WHENEVER I launch into a monologue about the iniquities of the 1963 London Government Act, my live-in carer rolls her eyes and reaches for my medication.
But then she, like many, is too young to recall the vandalism of the faceless bureaucrats and soulless politicians who ripped up the municipal map to replace it with the amorphous boundaries of so-called Greater London.
Until the legislation came into force in 1965, appropriately perhaps on April 1, London had ended at Stoke Newington in the north, Hammersmith in the west, Lewisham in the south and eastwards at the line of the River Lea in Poplar. Beyond that was terra incognita.
This ancient delineation had held sway since 1900 when 28 independent boroughs, linked to historically definable neighbourhoods, were established under the leadership of the London County Council.
In the subsequent half century or so, the tentacles of the Great Wen had spread further in all directions to envelop previously rural areas of the surrounding counties.
The response in the 1960s was the creation of 20 new boroughs in parts of what had been Kent, Essex, Surrey and Hertfordshire – Middlesex disappeared completely – to form what would henceforth be known as Outer London.
It might as well have been Outer Space for most Londoners, who now had to adjust to living in a city that included places like Croydon or others bearing unfamiliar names such as Havering, Waltham Forest and Brent.
So far, so good. But then the politicians ditched earlier plans to preserve the inner London boroughs and forced the old 28 fiefdoms to amalgamate into 12 new administrative units.
Out went the municipal independence of the likes of Holborn and Shoreditch, Bermondsey and Bethnal Green, and of historic Finsbury, London’s smallest borough, of which more later.
Keith Joseph, the local government minister of the day before he became known as Margaret Thatcher’s Rasputin, said he didn’t much care what the amalgamated boroughs called themselves as long as they kept it to the name of a single location.
Thus historic Deptford, with a royal naval connection stretching back half a millenium, was subsumed into its once rustic neighbour to become henceforth part of Lewisham.
Gritty Bethnal Green, Stepney and Poplar emerged as Tower Hamlets.
It could have been worse. There was talk of renaming Lewisham, now enlarged, as Ravensbourne. Greenwich with its palace, museum and observatory – not to mention the meridian – almost ended up with the name of its more sleepy next door neighbour, Charlton.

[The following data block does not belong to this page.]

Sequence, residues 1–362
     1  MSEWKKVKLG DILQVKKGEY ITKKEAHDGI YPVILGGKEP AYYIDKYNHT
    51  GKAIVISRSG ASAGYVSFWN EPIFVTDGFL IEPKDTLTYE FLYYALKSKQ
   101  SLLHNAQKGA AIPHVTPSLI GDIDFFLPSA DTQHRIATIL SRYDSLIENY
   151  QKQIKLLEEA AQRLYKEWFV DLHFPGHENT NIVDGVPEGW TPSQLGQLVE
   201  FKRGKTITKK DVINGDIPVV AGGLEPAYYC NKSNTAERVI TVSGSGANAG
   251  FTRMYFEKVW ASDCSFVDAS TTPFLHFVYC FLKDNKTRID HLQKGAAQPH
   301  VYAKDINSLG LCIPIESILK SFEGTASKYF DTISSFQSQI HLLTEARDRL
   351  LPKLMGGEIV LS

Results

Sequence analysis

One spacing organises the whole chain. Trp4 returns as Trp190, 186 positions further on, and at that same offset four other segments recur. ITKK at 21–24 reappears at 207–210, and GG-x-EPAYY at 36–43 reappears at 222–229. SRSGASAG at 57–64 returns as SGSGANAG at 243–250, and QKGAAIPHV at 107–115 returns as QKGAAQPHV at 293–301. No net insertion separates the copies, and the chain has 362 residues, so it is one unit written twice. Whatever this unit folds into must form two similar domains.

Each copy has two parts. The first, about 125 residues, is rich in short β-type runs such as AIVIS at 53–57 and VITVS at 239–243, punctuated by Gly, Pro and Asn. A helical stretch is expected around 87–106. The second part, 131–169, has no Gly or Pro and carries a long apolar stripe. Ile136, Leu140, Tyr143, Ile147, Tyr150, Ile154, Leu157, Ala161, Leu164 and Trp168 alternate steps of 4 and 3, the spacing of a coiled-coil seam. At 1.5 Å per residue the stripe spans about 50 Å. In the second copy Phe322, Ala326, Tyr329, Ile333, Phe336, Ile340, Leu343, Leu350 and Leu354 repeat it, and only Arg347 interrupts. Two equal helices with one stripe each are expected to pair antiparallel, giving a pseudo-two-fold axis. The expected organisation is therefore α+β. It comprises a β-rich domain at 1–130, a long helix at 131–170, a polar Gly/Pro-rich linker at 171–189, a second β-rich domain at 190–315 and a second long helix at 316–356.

There was one exception to Joseph’s golden rule. Over in that part of west London where a lot of MPs and rich people lived, two boroughs were combined but were considered so venerable they got to keep both their names in the new Royal Borough of Kensington and Chelsea. Funny, that.
You might ask, what’s in a name? Well quite a lot actually if your identity is eclipsed in a forced marriage to an overbearing neighbour.
Which brings me back to Finsbury. Where is it, even? Ask a cabbie and he’s sure to ask: “D’you mean Finsbury Park, pal?’, referring to a suburb three miles to the north.
The real Finsbury, however, is hard by the northern edge of the City and was first built on by the 12th century Empress Mathilda, daughter of Henry I and arguably London’s first suburban property developer.
Nothing much happened for the next 300 years until someone had the bright idea of building a gate in the nearby Roman wall, thereby encouraging Londoners to move to Finsbury.
It developed as, and remains, not quite part of the City but not of the suburbs either. John Wesley built his chapel there and the Honourable Artillery Company moved in just before the outbreak of the Civil War and has been there ever since.
It was once London’s medical district with hospitals for, among others, lunatics and French Huguenots. Only the Moorfields Eye Hospital survives. It also boasts one of those creepy 18th century Hawksmoor churches, St Luke’s. Post-1963, Finsbury’s redundant and derelict town hall was turned into a dance studio.
For much of its modern history Finsbury was a mix of residential, light industrial and street markets, a mix that has to some extent been preserved. There are housing estates built post-war by the long defunct Finsbury Borough Council.
If Finsbury is now almost forgotten as a distinctive neighbourhood, it is largely because it was absorbed into the much larger Islington to the north.
The conquest came just at the time when what estate agents call “young, urban professionals” were deciding that Islington was THE place to be. Flexing its muscles, the newly enlarged council played up the trendy Islington angle and proceeded to wipe neglected Finsbury off the map.
These days, as even Finsbury has become a bit chintzier, it’s regarded as just an overlooked bit of Islington, the latter an unpopulated cow pat when the former was already a jewel in Empress Mathilda’s crown.
One sign of the occupation is a billboard at St Luke’s Gardens describing them as being “in the heart of Islington”. Even if Islington had a heart, you wouldn’t find it there.
Happily, in their haste to establish their rule, the Islington bureaucrats failed to renew all the street signs. In the backstreets you can still find rusting signs that proudly bear the name of the Borough of Finsbury (today’s picture).
Sorry to bang on for so long, but perhaps you’ll now understand why the injustices of the accursed 1963 Act get me going.
And don’t get me started on the horrors of the 1969 Greater London Development Plan, mercifully trimmed down before its execution!
Nurse! Where did you put my pills?